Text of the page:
Austin, Texas was the fastest growing large city in the United States during the post-recession era of 2010 to 2013, according to a recent report by the Census Bureau.
The Census report examined the twenty five largest cities in the U.S., and Austin’s growth during this period — 12 percent — outpaced the rest of the country. The second place city, Charlotte, North Carolina, grew 8.4 percent.
Several other Texas cities were also ranked on the list. Fort Worth grew 7 percent, San Antonio 6.1 percent, Dallas 5 percent, Houston 4.6 percent, and El Paso 3.9 percent.
Overall growth in the entire U.S. was 2.4 percent during this same period. This specific study only examined population growth within the cities themselves, and not the surrounding metro areas and suburbs.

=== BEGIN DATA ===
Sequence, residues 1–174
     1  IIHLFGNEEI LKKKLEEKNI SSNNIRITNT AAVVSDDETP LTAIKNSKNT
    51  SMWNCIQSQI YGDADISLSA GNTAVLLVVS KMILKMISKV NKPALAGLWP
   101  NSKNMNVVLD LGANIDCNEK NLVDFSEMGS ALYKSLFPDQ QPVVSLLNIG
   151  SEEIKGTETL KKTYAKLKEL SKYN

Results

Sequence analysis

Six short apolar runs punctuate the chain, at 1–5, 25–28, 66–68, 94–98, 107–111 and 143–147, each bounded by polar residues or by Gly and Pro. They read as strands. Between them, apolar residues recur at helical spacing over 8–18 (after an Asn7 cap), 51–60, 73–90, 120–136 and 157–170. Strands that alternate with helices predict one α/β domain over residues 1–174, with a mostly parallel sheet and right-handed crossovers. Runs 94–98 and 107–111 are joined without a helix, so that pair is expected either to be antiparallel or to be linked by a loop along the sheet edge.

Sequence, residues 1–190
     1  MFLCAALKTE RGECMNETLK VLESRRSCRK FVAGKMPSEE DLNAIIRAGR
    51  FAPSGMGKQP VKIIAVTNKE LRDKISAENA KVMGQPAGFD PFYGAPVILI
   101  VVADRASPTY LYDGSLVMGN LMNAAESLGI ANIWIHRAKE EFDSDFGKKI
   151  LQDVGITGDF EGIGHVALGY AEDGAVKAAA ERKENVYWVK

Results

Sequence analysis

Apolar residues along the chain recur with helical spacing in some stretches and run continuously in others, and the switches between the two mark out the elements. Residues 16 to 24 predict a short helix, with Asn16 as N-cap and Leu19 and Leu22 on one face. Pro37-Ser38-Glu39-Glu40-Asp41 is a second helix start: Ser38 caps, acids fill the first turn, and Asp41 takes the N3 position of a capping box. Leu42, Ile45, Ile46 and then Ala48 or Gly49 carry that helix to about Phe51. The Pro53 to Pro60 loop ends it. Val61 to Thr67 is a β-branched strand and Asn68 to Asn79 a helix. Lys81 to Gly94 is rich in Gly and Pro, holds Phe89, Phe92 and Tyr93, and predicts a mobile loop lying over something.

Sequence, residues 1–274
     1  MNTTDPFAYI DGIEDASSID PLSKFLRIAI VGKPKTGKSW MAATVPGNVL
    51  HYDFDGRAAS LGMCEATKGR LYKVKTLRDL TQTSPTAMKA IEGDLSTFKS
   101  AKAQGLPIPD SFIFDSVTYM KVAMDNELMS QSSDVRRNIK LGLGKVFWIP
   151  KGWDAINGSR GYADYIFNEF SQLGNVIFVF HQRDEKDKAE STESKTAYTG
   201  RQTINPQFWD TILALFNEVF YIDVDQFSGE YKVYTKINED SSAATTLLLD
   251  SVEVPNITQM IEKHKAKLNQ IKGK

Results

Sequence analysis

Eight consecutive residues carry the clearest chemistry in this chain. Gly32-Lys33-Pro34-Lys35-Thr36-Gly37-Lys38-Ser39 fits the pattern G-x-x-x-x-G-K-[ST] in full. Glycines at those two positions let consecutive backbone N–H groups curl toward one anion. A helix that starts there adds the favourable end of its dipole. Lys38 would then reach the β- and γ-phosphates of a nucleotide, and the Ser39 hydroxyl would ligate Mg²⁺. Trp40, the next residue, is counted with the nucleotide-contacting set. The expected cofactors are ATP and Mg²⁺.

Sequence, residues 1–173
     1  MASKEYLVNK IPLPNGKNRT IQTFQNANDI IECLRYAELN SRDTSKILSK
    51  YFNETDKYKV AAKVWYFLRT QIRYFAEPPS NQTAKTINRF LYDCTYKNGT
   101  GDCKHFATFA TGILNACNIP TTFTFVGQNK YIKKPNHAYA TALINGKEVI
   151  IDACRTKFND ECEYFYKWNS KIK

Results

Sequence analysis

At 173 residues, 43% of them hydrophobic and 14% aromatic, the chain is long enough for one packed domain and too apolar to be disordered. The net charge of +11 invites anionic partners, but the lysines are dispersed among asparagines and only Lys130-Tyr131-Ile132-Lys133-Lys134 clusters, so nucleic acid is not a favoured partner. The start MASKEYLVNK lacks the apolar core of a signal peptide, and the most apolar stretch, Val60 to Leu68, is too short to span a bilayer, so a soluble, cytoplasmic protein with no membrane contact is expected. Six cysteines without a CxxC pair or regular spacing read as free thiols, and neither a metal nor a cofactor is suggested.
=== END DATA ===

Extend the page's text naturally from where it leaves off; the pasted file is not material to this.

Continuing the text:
A report by Slate discussed some of the reasons why Austin may have experienced such a high rate of growth:
It’s not much of a mystery why Austin has fared so well. The city was only lightly affected by the recession, thanks in part to the fact that Texas was generally spared a housing bust, and its local economy is anchored by a state government, a massive university, and a tech scene. And yes, it’s fun and still at least a tiny bit weird (RIP Leslie).
Of course, growth does not come free from consequences. As Breitbart Texas reported, Austin and Houston were both on the list of U.S. cities with the highest increases in median rental rates last year.
Follow Sarah Rumpf on Twitter @rumpfshaker.